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9&10 News: ALICE Report Highlights Financial Struggles of Michigan Families

Bill Froehlich

Thousands of families across Michigan struggle to make ends meet, and a new report highlights some of the concerns.

It’s called the ALICE report, commissioned each year by the United Way.

While things have improved over the last 10 years, many households still struggle to get by.

ALICE is an acronym, as Ranae McCauley with the United Way explains, “It stands for Asset Limited, Income Constrained but Employed. So essentially, it’s working households.”

In the five-county Grand Traverse Region, between 24-30% of the population is struggling. McCauley says, “It’s a population we want to work with and we really want to focus on, to say how can we work together, where they’re not just surviving, but actually thriving.”

Each year the United Way commissions this ALICE report for all 83 counties in Michigan. And each year it’s a reality check about the financial hardships families are facing.

McCauley says, “When you’re living ALICE you’re living paycheck to paycheck. One paycheck, one day off when you’re off work due to illness or child’s illness could mean all the difference between paying your rent or not.”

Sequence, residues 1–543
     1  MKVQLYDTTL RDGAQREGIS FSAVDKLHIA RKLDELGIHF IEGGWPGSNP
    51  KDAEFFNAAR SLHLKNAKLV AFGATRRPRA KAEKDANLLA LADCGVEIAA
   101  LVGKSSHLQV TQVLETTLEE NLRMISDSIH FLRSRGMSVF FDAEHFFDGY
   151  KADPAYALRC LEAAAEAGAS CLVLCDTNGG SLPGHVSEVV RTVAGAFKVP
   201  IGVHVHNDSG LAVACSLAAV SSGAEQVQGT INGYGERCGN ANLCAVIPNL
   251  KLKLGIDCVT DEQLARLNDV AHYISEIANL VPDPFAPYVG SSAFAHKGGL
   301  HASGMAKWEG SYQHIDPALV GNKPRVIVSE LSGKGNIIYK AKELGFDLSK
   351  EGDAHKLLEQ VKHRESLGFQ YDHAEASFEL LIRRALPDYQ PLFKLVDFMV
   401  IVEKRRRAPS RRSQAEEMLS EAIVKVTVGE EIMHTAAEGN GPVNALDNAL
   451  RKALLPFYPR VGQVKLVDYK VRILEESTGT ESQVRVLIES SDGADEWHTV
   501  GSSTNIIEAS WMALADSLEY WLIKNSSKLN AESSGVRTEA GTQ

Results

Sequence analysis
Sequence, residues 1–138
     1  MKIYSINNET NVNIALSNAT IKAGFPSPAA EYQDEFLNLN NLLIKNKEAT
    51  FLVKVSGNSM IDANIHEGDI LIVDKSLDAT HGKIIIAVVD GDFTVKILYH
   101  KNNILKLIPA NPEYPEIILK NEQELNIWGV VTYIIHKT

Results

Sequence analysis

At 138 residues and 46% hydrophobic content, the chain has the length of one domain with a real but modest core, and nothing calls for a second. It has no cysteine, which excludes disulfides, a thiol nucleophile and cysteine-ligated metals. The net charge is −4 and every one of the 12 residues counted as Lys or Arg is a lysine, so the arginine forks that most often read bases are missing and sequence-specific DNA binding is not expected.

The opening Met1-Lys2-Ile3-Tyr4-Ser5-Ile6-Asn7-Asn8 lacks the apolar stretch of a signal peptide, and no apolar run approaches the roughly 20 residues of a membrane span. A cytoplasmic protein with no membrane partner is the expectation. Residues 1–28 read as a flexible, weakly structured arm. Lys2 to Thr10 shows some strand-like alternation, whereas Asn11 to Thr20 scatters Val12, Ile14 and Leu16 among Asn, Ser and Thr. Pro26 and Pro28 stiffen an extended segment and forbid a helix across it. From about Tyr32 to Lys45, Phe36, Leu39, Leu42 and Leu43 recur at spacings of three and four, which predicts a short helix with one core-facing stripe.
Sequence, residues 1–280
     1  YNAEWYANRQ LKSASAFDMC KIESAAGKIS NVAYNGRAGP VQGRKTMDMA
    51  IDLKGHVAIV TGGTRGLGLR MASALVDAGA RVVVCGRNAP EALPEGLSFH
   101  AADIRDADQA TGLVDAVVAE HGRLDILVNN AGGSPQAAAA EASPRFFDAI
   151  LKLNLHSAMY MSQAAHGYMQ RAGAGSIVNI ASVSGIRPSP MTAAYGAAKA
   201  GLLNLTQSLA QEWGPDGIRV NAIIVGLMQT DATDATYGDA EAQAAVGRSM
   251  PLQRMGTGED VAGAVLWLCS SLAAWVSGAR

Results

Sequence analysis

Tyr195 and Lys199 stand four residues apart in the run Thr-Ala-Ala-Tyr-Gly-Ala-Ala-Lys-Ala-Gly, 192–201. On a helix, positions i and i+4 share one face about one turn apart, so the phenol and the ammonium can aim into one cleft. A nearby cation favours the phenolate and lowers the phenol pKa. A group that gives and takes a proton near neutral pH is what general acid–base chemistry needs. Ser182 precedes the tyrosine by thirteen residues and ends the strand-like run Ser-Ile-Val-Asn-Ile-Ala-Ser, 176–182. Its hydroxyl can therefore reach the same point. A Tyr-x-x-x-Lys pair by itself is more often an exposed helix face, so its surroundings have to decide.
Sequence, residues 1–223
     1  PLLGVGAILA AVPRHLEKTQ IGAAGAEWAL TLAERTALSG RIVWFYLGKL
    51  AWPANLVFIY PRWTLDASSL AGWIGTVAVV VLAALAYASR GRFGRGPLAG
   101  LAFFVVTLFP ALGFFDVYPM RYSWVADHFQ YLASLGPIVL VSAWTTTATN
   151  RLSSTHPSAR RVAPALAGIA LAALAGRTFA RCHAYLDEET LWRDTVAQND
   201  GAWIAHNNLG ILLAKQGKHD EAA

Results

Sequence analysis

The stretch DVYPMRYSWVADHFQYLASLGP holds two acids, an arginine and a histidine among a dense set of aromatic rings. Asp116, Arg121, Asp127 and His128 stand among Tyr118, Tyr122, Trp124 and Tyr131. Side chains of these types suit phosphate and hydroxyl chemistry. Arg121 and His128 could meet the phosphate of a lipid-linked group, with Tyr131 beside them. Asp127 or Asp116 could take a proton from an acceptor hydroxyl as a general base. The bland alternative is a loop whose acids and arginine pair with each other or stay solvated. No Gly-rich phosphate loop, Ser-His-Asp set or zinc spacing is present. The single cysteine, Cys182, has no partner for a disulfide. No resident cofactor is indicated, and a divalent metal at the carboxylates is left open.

While conditions have improved since the economic recovery started in 2010, many families still find themselves struggling with rising costs, whether it’s in housing, child care, or health care, to name a few.

Ten to 12% of the population is still living at or below poverty.

Arlene Brennan is the CEO at Traverse Health Clinic. She says, “People cannot live on that, you can’t address basic needs for a single person, let alone what the statistics are for a family.”

McCauley knows that’s true. “There’s something we call a benefit cliff. It means once you reach a certain income it’s all or nothing. You would receive no assistance anymore. You’re working hard and in some cases you may have been better off making less money. Which is absolutely counter-intuitive.”

ALICE is not intended to be a report with the answers. Instead, the goal is to recognize the trends and work together as a community to come up with answers.

Brennan says, “It brings in so many pieces, including housing, education, the ability to work, all the social and personal factors.”

Kerry Baughman is the executive director of the Northwest Michigan Community Action Agency. She says, “The ALICE report is important because it tells the story of the communities we live in and the struggles faced by our neighbors, friends or own family members. When individuals and families struggle to afford basic needs, it impacts every aspect of who we are in northern Michigan, our economy, workforce, relationships and future.”